Deer Vetch

Aeschynomene americana
Fabaceae


Description

The American Joint Vetch is native to the Caribbean and nearby regions of the Americas. It is found in South America south to Argentina and northward into southern Florida. It has been introduced in Southeast Asia into countries such as Vietnam, Thailand and the Philippines.

Uses

American Joint Vetch is used alone as a hay crop or as cut-and-carry forage for livestock. It frequently is sown as a pasture legume in Florida and along Australia's eastern coast. The leaves and young stems are palatable to grazing animals. It has been used as a green manure crop in rice and other cropping systems. American Joint Vetch is also a legume that fixes nitrogen equivalent to the application of up to 100 lb/acre (112 kg/ha) of nitrogen fertilizer.

Cultivation

  • American Joint Vetch can be grown successfully between latitudes 30o north and south of the equator. It also grows well in low-lying areas and ditches. As an annual or short-lived perennial, joint vetch propagates readily from seed. For best establishment, plant at the onset of the rainy season. The seeds can be sown in the pods or, preferably, de-hulled. A suggested seeding rate is 12 kg/ha (10 lb/acre) seed-in-the-pod or 5.6 kg/ha (5 lb/acre) de-hulled seeds. Half these rates may be used in mixed species seedlings. Bare soil seeding yields higher establishment rates than pasture seeding but prior disking or other surface cultivation often will provide for an adequate establishment in pasture situations. Rolling the soil the same day after seeding packs the soil around the seed, conserves soil moisture, and improves germination. American Joint Vetch produces nodules readily using broad spectrum cowpea rhizobia. In pastures, American Joint Vetch should be kept grazed to a height of 50-60 cm to stimulate leaf production. After flowering, grazing should be reduced to promote seed production. To stimulate seed germination in the following year, graze the pasture closely until American Joint Vetch germination begins.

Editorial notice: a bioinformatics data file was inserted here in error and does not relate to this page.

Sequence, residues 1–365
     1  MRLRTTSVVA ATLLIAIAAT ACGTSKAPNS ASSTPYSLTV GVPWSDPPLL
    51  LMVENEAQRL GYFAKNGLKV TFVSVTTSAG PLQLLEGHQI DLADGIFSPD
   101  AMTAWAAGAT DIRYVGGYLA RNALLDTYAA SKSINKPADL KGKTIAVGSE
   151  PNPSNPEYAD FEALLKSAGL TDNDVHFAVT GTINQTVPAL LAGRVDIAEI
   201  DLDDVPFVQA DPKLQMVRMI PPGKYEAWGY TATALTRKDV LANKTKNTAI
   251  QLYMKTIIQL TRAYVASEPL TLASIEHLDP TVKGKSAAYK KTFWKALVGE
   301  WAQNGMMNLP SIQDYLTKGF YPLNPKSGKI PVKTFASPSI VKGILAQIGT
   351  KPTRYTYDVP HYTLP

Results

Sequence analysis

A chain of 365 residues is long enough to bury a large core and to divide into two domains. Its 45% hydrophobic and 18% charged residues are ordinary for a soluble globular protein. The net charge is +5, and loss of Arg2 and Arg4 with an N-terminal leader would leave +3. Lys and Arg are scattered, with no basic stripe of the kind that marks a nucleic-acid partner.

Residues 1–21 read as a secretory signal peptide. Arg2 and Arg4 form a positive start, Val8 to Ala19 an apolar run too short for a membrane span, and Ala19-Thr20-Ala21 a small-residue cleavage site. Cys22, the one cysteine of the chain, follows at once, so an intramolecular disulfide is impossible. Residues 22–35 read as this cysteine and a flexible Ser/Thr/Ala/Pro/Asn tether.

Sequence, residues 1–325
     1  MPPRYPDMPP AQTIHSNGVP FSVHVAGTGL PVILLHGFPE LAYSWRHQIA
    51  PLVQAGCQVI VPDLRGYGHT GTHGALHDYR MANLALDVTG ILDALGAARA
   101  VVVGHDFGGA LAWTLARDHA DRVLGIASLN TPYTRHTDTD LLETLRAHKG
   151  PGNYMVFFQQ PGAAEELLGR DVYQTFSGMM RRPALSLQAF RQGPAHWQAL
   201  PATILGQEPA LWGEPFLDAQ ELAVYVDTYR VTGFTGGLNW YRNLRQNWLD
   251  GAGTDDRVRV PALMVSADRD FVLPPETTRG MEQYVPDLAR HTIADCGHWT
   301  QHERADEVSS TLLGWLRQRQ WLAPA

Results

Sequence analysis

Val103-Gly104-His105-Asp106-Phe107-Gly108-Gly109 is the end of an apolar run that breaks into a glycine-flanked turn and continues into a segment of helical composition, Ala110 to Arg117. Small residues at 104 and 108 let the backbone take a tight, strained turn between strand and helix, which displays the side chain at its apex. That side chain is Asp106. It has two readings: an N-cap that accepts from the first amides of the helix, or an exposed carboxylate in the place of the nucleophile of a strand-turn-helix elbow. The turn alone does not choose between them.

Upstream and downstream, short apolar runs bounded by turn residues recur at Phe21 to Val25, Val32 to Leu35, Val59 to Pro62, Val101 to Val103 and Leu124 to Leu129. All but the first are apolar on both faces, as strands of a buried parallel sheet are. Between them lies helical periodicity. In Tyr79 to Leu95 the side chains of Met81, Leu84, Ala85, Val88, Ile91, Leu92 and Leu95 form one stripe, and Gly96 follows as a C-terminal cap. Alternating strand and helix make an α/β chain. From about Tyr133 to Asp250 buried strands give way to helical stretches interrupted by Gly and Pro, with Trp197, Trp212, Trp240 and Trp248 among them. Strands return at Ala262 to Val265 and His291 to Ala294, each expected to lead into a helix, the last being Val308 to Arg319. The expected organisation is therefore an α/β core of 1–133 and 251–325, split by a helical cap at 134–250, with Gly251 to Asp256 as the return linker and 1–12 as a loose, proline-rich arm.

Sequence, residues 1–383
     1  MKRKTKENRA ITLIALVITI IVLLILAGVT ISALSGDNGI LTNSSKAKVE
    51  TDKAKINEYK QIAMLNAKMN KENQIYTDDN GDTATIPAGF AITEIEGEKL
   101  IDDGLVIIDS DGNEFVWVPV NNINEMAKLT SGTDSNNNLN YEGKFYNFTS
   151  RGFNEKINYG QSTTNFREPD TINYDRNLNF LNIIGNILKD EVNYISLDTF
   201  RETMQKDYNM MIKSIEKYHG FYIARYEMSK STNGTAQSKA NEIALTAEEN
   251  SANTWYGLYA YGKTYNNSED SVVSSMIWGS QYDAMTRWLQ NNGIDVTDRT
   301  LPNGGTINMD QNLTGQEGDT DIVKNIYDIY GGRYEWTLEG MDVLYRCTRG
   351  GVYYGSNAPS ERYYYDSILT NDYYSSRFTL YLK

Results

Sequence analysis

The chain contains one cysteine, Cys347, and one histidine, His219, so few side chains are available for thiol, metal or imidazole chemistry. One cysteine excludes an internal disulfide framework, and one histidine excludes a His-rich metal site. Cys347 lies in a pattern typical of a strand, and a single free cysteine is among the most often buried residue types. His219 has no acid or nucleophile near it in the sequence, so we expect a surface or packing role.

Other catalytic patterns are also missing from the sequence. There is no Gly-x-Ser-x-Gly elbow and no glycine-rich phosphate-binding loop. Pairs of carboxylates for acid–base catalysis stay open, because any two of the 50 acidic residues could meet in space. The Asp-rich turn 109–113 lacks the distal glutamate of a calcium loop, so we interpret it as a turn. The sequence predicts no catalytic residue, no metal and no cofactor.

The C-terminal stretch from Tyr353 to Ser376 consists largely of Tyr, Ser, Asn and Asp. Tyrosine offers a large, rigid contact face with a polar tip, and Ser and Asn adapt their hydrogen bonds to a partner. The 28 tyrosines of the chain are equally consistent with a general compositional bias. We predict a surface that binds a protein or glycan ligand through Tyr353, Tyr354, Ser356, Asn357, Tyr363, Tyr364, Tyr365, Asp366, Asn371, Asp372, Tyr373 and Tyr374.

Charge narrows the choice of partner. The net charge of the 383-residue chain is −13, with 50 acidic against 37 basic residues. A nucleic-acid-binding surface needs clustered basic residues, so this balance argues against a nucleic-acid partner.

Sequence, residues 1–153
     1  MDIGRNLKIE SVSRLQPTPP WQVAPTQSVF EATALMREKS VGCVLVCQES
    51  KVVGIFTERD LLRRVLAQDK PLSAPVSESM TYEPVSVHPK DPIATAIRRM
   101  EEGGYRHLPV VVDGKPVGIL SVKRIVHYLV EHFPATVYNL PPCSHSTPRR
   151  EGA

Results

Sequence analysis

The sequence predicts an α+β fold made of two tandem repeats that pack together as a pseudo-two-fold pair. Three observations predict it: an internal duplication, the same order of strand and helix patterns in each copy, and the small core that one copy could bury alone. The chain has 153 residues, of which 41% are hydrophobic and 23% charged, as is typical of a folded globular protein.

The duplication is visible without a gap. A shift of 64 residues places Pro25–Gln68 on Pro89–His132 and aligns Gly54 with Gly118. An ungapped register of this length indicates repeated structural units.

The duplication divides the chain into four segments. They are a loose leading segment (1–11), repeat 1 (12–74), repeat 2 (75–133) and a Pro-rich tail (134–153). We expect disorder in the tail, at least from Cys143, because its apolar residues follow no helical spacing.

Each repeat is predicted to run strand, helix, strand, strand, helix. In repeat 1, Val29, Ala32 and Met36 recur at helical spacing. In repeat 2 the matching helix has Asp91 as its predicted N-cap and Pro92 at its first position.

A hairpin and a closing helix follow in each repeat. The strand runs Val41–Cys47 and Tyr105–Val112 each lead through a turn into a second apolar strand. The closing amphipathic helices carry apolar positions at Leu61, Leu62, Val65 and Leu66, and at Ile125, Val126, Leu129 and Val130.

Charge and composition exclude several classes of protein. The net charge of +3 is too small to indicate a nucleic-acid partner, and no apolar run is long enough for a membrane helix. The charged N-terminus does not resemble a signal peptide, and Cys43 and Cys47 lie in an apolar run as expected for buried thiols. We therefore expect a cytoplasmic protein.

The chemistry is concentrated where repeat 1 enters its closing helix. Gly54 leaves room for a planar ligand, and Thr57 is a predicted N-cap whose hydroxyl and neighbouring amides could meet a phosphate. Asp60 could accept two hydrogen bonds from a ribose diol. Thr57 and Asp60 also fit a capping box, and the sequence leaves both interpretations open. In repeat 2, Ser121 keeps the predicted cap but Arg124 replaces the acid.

•  Soil: any - from gravels and sands to clays; can tolerate waterlogged soils
  •  Elevation: 0-670 m (2200 ft)
  •  Temperature: 20-27º C (65-85º F)
  •  Rainfall: 600 mm (20 in) or more

Harvesting and Seed Production

For use as a hay crop, cut American Joint Vetch at the full flower stage. As a green manure, American Joint Vetch should be plowed under also at the flowering stage. To use the plant as cut forage, cut at about 40-50 cm to encourage additional growth. For seed production, allow the seeds to ripen on the plant until mature. Do not graze newly seeded pastures until the new plants have attained a height of 18 in (45 cm). Rotational grazing is recommended. Overgrazing reduces American Joint Vetch productivity and seed production. Undergrazing, can suppress the growth of companion grasses and increase insect damage.

Pests and Diseases

Mildew (Oidium spp.) infects mature leaves near the end of the growing season turning them white. This type of infection normally does not affect palatability or feed quality. Anthracnose (Colletotrichum gloeosporioides) is reported on South American populations of American Joint Vetch.

References

Heuzé V.Thiollet H.Tran G.Salgado P.Lebas F., 2018. American jointvetch (Aeschynomene americana). Feedipedia, a programme by INRA, CIRAD, AFZ and FAO. https://www.feedipedia.org/node/569 Last updated on January 30, 2018, 14:16

http://www.tropicalforages.info/key/forages/Media/Html/entities/aeschynomene_americana.htm

http://ecocrop.fao.org/ecocrop/srv/en/cropView?id=326


Common Names

  • French
    • american joint vetch
  • Spanish
    • Pega Pega